The event will be from 4 to 5 in the law tower, room 1270 with refreshments. Following the peacemaking demonstration, Justice Yazzie will present at the School of Theology’s Lowell Lecture from 5:30 to 8 on talking circles.
In keeping with the United Nations’ Declaration on the Rights of Indigenous Peoples, BU NALSA has sought to embrace all indigenous peoples’ cultures and recognize the diversity within a broader community. On the first day of spring and as news circulates about a possible Kurdish-Turkish ceasefire, NALSA and the BU community celebrated Newroz.
Newroz is the New Year celebration of spring in many cultures. For the Kurds, it takes on special significance and occasionally nationalist undertones. It is a holiday full of dancing, food, and colorful celebration.
At BU, we celebrated the event with schwarma, pitas, grape leaves, and more. We learned about the holiday with a slideshow and Kurdish music. And everyone took good cheer in wearing colorful scarves. We are so happy to have such a diverse community here at BU and friends that embrace all of our peoples.
Brian Balduzzi (class of 2013) & Laura Goldsmith (class of 2014)
This past weekend in February, BU NALSA & the BU Writing Center sent a team to Portland, Oregon to compete in the national NALSA moot court competition. This experience was a one of a kind opportunity to tackle the complexities of federal Indian law jurisdiction. They grappled with the issues of aboriginal title and criminal law jurisdiction. They also got to meet and share the experience with the many other law students across the nation who are interested in Indian law. Congratulations to our team for their hardwork and outstanding representation of BU and our NALSA chapter!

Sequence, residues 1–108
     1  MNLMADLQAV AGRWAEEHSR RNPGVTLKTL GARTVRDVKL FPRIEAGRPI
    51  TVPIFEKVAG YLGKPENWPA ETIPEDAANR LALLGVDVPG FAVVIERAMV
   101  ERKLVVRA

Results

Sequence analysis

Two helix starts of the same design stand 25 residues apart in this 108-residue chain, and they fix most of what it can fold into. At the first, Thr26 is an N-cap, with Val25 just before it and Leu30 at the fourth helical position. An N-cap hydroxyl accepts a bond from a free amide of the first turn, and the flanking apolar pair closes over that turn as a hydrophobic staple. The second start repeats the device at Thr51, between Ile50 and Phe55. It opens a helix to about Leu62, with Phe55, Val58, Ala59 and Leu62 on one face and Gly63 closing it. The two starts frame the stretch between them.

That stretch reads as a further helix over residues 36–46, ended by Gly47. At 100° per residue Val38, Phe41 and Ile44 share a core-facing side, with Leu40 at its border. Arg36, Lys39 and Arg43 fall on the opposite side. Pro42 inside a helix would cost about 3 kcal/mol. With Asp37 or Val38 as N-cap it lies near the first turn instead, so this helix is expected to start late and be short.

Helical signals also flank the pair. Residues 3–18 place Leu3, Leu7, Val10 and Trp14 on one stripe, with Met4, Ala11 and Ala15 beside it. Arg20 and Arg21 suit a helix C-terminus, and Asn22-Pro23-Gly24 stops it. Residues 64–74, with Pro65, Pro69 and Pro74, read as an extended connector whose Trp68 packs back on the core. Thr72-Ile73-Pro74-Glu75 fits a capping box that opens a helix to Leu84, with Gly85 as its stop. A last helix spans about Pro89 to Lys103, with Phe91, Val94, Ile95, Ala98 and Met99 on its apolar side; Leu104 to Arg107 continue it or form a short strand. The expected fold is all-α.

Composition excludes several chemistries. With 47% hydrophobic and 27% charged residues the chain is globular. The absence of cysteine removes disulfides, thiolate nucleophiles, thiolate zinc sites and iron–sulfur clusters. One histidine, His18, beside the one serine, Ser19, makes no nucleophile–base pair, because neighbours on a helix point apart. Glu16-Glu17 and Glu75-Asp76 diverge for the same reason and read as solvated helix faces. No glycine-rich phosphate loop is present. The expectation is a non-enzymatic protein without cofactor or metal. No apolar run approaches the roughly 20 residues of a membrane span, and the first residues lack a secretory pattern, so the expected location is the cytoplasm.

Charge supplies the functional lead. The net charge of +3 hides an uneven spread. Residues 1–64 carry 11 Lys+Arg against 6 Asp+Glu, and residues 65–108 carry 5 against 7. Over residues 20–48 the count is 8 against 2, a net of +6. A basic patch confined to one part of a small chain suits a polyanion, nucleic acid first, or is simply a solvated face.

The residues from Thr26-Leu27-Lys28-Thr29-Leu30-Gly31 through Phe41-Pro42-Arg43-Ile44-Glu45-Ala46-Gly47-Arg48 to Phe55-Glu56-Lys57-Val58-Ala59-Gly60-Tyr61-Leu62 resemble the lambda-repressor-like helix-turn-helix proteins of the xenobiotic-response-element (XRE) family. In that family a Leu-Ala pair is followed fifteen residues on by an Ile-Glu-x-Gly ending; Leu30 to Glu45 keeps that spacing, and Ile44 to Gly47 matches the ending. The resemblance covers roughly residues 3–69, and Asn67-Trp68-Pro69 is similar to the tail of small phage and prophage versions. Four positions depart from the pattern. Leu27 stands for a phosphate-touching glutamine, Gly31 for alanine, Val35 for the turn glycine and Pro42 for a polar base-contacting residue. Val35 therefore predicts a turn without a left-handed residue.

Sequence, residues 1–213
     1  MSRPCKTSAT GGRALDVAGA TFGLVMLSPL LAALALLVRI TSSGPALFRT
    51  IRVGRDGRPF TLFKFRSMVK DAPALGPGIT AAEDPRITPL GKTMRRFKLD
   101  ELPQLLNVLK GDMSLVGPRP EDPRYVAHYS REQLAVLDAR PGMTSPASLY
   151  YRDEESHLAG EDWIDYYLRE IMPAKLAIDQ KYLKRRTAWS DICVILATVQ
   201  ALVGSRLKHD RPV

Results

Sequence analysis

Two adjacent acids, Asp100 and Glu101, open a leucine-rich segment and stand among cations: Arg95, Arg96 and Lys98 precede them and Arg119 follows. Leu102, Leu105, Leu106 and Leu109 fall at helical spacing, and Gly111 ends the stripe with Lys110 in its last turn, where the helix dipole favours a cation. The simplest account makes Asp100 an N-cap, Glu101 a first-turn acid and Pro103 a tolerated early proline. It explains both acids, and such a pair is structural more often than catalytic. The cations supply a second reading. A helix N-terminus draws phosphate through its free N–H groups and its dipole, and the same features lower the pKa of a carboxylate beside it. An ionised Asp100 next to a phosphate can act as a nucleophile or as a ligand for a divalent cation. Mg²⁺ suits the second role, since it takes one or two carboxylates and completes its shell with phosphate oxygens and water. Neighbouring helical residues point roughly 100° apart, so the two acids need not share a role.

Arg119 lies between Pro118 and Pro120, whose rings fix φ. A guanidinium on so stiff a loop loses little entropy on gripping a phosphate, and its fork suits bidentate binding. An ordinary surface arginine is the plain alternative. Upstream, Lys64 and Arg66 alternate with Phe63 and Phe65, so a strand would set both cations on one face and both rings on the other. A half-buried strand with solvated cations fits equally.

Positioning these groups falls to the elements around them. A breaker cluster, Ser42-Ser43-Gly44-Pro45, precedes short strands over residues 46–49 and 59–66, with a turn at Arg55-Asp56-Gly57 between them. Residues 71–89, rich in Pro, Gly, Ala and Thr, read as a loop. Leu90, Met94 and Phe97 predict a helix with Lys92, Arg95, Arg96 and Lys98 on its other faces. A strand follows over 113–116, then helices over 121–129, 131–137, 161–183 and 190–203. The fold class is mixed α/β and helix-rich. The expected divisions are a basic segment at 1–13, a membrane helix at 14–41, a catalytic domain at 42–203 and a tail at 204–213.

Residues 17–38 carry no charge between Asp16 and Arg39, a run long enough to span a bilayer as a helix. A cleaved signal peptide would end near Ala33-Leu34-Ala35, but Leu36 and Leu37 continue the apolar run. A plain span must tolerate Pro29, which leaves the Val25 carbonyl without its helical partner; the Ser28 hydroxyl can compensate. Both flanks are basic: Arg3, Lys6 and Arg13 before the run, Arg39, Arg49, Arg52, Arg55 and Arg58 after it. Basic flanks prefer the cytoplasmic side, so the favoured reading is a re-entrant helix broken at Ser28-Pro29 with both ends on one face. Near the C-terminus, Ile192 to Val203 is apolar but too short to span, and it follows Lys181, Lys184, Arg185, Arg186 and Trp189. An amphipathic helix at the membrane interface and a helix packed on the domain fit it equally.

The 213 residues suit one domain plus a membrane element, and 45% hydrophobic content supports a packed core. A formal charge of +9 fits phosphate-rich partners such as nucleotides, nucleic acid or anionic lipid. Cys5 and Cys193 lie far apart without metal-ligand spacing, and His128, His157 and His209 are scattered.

We are also quite proud of our students who will be spending their spring breaks next week working with Oklahoma Indian Legal Services. This is the second year that BU students have contributed their time to toil over complex Indian law legal matters. We are grateful once again for students to be able to work with the dedicated individuals at OILS. In addition, we are thankful to BU Career Services for continuing this and its many other pro bono trips.